Cassandra error on login: Cannot achieve consistency level LOCAL_ONE

It is totally understandable that Cassandra tries to keep intruders out,
but occasionally it should be a bit more permissive.

Did you get this error when applications try to establish a connection to Cassandra?

2019-08-10 14:03:51,698 ERROR [com.datastax.driver.core.Cluster] (Production Cluster-reconnection-0) Authentication error during reconnection to 10.0.10.10/10.0.10.10:9042, scheduling retry in 32000 milliseconds
com.datastax.driver.core.exceptions.AuthenticationException: Authentication error on host 10.0.10.10/10.0.10.10:9042: Error during authentication of user app-01 : org.apache.cassandra.exceptions.UnavailableException: Cannot achieve consistency level LOCAL_ONE

This is confusing. Maybe it’s true that one or more nodes are down. But this cluster has multiple nodes, and you are contacting one that is working fine. So why does it say that LOCAL_ONE consistency level cannot be achieved?

Even more: you didn’t ask for that consistency level in any part of the application code.

TL;DR: If you just want to copy/paste a solution, jump to How to fix the problem.

Why it happens

Whenever a client connects, Cassandra runs a query against its system tables to check if the provided credentials are correct. This query is ran with the LOCAL_ONE consistency level.

This explains part of the error. But probably you still don’t understand why this query fails.LOCAL_ONE tells the node that received the query: this query must be answered by a single node, which must be located in your datacentre. This differs from other consistency levels in these ways:

  • There is no need to contact other nodes to check if data is correct. So there is less latency, compared to any consistency level stricter than ONE.
    • Client-server latency is not the only consequence. If data is not fully consistent, a small repair is triggered. This operation is more lightweight if it doesn’t involve traffic between different datacentres.
  • LOCAL_ONE says that the node that answers your query must be local. With the ONE isolation level there is no such restriction, so the query could cause cross-datacentre traffic (so again, more latency).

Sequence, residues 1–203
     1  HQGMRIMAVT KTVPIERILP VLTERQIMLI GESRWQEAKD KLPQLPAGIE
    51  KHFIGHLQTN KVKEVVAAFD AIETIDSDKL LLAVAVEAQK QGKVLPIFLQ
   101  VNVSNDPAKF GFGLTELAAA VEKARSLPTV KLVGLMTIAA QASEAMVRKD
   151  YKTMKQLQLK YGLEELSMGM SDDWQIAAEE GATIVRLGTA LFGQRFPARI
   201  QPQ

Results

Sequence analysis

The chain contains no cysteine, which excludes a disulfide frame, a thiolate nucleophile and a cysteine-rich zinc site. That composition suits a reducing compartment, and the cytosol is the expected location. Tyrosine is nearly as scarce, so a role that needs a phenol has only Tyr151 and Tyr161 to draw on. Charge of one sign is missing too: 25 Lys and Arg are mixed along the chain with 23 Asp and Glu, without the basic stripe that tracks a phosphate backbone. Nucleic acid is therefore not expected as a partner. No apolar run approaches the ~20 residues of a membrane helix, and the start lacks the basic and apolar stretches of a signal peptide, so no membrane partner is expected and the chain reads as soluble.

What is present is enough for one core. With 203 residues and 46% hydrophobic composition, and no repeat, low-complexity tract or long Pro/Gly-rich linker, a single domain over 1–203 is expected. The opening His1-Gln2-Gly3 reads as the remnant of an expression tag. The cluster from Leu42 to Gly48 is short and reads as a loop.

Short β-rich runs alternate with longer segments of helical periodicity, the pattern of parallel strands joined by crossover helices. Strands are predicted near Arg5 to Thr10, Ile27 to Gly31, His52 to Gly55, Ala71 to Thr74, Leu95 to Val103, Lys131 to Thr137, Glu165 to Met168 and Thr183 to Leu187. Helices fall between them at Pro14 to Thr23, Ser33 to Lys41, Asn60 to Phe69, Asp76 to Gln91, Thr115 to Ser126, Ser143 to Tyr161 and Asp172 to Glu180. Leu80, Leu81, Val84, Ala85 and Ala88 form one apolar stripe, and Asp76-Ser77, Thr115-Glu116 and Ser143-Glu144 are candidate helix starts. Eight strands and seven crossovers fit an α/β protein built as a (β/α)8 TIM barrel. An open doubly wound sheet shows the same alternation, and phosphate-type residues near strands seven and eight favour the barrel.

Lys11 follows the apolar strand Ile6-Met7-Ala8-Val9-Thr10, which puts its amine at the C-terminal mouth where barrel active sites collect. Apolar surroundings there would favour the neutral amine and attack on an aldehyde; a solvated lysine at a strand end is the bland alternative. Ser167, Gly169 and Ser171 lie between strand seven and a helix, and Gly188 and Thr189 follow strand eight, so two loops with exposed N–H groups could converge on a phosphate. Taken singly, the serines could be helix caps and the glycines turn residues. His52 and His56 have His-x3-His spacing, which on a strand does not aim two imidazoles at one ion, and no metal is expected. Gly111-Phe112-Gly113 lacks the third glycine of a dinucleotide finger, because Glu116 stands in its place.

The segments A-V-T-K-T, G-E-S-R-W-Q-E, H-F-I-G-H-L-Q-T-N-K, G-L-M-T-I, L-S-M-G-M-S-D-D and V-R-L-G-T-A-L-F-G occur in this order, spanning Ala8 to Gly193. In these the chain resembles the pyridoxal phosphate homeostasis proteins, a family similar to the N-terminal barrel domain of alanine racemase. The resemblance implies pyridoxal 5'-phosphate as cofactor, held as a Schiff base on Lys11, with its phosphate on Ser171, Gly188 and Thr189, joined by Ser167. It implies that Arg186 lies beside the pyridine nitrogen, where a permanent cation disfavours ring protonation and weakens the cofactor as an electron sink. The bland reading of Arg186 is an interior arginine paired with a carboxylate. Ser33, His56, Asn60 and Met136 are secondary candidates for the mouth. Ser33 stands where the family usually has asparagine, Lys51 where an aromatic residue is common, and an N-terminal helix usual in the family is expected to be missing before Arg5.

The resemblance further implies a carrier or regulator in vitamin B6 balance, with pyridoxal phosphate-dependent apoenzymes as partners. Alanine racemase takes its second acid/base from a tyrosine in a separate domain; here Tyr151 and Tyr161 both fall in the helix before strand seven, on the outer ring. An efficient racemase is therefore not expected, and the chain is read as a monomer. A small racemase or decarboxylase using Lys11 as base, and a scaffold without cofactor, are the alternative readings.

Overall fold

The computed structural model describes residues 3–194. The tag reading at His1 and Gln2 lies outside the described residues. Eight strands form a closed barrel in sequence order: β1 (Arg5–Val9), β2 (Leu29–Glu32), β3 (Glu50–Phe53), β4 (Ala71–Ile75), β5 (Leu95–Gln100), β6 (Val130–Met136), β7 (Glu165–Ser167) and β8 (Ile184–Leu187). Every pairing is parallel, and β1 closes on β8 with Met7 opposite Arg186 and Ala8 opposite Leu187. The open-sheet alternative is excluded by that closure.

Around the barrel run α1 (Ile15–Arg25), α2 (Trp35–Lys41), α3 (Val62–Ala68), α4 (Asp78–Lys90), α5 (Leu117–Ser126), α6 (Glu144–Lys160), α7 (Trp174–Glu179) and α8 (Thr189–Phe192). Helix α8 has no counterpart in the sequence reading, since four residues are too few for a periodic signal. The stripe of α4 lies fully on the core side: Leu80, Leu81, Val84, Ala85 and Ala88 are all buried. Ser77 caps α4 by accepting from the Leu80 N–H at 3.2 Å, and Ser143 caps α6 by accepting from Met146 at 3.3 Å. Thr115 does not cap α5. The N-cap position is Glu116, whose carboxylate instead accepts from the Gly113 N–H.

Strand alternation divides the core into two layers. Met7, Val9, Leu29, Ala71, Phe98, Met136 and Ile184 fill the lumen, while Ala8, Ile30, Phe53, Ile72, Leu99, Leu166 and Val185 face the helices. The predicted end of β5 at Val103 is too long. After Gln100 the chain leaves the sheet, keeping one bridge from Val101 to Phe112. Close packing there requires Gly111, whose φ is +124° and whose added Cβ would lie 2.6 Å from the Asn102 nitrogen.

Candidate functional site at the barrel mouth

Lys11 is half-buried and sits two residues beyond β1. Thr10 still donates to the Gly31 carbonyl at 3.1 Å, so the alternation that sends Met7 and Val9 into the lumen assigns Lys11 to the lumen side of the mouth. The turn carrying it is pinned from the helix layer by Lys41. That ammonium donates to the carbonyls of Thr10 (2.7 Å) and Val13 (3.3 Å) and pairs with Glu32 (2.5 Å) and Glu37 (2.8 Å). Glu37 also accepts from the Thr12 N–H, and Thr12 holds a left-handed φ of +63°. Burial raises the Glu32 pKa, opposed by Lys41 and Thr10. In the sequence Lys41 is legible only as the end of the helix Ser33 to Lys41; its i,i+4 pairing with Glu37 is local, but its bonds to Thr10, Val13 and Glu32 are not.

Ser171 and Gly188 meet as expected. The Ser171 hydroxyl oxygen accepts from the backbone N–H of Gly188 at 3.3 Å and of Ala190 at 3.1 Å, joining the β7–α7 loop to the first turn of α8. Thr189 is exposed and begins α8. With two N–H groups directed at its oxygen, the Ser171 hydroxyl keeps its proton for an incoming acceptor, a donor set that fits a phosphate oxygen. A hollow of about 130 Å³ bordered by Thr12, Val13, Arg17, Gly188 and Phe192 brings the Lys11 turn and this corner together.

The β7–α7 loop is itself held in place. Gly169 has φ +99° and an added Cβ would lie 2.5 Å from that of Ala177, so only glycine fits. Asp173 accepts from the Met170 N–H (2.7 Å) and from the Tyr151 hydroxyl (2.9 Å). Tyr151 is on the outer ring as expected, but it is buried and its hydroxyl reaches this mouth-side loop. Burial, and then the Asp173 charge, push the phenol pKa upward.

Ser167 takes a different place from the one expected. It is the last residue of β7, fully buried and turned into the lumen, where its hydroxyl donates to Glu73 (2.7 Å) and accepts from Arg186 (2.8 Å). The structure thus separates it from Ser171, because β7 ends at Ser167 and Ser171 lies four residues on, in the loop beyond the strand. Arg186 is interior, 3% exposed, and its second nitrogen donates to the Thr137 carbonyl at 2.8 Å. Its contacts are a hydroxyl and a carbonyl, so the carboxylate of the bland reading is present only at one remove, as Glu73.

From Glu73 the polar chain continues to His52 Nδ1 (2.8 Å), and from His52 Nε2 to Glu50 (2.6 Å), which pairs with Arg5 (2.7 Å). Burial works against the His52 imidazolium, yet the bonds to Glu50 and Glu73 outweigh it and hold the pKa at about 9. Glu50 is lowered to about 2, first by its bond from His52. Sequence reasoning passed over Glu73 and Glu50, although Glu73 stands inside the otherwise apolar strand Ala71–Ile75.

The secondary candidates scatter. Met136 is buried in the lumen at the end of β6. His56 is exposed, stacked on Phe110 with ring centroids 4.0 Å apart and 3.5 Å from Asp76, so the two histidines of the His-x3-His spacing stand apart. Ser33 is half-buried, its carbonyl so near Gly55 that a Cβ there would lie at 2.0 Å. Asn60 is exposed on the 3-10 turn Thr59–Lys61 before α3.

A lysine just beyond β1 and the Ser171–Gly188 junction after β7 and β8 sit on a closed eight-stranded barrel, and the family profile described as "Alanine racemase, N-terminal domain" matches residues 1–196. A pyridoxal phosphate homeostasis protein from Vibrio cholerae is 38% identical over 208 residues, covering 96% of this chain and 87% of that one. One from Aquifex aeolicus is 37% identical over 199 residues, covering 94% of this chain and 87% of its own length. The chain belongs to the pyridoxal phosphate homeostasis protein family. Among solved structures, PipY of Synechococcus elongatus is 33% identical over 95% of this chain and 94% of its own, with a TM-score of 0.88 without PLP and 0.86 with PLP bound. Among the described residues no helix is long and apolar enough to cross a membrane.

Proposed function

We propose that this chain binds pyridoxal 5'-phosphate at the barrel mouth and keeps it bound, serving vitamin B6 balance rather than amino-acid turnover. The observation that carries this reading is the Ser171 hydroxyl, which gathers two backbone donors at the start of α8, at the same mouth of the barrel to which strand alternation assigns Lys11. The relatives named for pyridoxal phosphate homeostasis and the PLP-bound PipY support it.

This could still be confusing, if you’re new to Cassandra: the node that answers the query should be the one you contacted, right? Well, not necessarily.

As you know, in Cassandra all keyspaces have a replication factor – a number that indicates how many nodes contain each row. The rows are then automatically – and hopefully evenly – distributed across the nodes, in a way that you can’t fully control. If the replication factor is equal to the number of nodes, all nodes have all the data and can answer any query. But if it’s lower, often nodes cannot find the results themselves, and will send the query to a node that has the data. In this case, it is possible that all nodes containing the data you are looking for are down; thus, even if you contacted a running node, it cannot return results. This risk is higher with stricter consistency levels. The corner case is ALL, which means that all nodes containing the desired rows must be up and agree on the results.

The data used for authentication is located in the system_auth keyspace. Its default replication factor is 1: each data is located on one node, and if that node is down LOCAL_ONE cannot be satisfied.

Why is there no redundancy by default? Because at the very beginning of its life, every cluster consists of one node.

How to fix the problem

Just run this command:

ALTER KEYSPACE system_auth
    WITH replication = {
        'class': 'NetworkTopologyStrategy',
        '<datacentre_name>': <number_of_nodes>
    };

This CQL command will increase the replication factor to the number of nodes. Every node will contain a copy of all the rows in the system_auth keyspace, and therefore each node will allow clients to login – even in the unfortunate case that every other node is unreachable. This is typically what you want.

This keyspace is typically very small, so this is a lightweight operation.

Toodle pip,
Federico

Image source: Wikipedia

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